Marble Falls, Burnet, Kingsland, Llano, Spicewood, Horseshoe Bay, and ALL of the Highland Lakes
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Rates for the past-due bills are based on the amount of water residents used prior to the boil water notice.
“They didn’t read the meters,” said Johnie Borgeson, vice president of the Channel Oaks Property Owners Association. “They did an average of our bills back when we were paying for water that we could use.”
Borgeson said residents are upset the past-due bills are not at a discounted rate.
“We don’t know why they wouldn’t average it at half (price) instead of averaging full (price),” she said. “Why didn’t they say, ‘You normally pay $75, but we’re only going to charge you $30 since you didn’t use it for months.’”
Borgeson said residents are also concerned with the state of the water system’s infrastructure, which was built in the 1960s.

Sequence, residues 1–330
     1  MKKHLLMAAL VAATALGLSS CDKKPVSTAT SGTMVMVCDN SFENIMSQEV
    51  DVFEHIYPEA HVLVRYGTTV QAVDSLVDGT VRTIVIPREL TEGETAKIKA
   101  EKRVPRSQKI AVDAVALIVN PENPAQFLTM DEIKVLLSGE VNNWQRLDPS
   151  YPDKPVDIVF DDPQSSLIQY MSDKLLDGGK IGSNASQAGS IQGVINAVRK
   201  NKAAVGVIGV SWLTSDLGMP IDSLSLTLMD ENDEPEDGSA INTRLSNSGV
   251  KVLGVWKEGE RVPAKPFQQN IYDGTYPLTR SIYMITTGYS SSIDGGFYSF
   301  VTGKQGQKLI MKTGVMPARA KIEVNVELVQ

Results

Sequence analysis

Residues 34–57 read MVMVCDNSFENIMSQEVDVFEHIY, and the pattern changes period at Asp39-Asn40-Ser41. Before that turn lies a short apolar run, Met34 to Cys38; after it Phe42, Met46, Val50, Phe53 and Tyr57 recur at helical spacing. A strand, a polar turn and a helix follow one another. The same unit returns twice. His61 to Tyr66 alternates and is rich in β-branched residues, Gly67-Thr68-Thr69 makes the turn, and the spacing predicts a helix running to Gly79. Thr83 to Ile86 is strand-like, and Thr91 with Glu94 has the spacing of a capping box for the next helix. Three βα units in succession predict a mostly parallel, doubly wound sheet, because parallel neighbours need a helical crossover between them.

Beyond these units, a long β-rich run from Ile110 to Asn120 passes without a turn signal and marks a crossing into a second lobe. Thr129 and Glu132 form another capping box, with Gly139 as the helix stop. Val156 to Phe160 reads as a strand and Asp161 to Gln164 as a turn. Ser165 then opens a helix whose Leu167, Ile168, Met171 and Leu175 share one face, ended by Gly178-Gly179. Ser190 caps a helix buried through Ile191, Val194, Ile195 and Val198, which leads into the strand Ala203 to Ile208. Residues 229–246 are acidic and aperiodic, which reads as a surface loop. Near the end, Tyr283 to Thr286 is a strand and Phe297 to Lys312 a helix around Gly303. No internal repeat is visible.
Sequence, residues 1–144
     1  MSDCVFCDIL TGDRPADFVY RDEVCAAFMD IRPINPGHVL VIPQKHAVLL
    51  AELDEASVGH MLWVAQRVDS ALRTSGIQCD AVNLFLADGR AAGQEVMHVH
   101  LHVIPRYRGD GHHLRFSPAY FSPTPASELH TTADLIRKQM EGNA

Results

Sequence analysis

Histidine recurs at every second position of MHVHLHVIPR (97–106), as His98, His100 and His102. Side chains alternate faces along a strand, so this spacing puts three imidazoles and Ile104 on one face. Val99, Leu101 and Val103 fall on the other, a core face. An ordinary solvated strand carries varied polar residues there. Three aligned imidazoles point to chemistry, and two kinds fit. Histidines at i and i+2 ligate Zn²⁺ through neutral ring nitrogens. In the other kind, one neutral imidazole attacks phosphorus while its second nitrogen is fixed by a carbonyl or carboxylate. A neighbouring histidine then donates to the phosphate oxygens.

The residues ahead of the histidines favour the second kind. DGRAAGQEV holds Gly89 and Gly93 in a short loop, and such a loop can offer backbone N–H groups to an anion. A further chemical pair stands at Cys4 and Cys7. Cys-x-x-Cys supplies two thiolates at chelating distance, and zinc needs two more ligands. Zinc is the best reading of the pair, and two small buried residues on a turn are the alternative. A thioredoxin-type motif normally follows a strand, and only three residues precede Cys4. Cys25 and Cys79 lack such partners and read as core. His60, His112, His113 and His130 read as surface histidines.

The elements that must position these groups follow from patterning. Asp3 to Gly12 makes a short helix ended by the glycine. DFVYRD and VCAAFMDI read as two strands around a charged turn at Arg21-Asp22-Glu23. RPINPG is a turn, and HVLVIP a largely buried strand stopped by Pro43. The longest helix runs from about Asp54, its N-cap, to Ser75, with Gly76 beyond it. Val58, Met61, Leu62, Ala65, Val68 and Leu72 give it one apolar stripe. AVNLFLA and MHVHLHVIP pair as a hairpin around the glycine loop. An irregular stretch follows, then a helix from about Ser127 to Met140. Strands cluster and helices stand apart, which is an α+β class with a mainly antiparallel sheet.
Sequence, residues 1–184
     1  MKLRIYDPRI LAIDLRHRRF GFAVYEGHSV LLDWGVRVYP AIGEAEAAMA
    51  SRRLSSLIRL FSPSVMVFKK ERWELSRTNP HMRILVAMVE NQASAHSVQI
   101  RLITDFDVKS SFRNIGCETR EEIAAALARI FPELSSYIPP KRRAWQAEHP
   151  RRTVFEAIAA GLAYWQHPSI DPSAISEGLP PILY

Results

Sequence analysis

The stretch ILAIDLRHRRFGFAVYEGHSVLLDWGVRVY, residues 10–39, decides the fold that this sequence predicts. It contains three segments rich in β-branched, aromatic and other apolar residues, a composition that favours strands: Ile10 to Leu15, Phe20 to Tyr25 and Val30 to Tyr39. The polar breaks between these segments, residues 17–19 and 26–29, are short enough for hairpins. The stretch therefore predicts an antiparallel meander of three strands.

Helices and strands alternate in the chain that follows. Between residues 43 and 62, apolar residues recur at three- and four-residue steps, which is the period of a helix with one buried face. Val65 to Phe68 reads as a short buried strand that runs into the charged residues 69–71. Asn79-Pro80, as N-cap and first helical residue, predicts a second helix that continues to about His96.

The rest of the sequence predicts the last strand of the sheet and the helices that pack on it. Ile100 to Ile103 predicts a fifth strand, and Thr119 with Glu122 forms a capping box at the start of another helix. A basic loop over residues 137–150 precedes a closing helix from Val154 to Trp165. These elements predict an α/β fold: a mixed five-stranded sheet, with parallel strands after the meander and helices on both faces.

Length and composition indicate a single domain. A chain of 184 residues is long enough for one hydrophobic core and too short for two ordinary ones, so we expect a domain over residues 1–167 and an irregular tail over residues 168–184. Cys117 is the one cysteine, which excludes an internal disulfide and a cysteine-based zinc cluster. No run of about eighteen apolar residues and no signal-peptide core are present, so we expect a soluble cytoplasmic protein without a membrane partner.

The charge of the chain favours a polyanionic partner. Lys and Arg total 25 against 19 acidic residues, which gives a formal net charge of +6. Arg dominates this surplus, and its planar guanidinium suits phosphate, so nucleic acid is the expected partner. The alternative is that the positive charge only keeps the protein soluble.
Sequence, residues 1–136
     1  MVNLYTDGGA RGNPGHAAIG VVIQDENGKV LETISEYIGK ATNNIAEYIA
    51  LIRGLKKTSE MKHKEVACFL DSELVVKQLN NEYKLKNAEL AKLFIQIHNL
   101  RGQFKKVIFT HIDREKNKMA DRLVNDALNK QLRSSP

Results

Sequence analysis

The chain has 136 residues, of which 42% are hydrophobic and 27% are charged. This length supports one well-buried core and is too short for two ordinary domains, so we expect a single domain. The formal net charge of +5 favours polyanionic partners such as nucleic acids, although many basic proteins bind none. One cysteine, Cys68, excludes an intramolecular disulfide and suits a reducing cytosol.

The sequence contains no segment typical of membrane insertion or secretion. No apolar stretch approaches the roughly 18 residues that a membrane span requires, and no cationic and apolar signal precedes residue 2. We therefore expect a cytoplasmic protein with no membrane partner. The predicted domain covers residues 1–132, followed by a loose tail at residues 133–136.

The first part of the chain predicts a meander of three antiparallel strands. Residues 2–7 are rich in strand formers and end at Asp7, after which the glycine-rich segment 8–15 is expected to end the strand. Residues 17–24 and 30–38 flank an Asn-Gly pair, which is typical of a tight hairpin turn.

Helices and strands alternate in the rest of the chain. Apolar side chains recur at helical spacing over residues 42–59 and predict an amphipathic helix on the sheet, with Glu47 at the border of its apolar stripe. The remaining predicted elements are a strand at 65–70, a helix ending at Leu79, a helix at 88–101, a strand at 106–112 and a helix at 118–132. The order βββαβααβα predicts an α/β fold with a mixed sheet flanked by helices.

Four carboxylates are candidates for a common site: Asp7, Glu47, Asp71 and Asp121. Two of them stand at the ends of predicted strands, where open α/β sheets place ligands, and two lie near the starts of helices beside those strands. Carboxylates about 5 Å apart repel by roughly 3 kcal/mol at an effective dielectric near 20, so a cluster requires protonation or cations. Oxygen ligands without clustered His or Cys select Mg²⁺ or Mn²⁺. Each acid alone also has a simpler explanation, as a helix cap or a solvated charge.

“I can honestly say that I’m happy we have water,” Borgeson said. “Why we had to go through (a boil water notice) is unbeknownst to me. We still have leaks that haven’t been fixed and things that need to change.”
One particular part of the system has made Borgeson hesitant to trust the water’s cleanliness.
“It’s supposedly drinkable, but one of the pipes at the top (of the hill) has a slow leak,” she said.“It’s in a cesspool of nastiness, and I’m thinking, ‘What goes in comes out, what goes out comes in.’”
Property owners are currently working with water attorney Cindy Smiley to help navigate legal issues.
“She’s been great,” Borgeson said. “We’re just waiting on her to finalize some paperwork for us. She’s got to write up something for each of us.”
A call to Maxey for a response went straight to voicemail and was not returned before this story’s publication.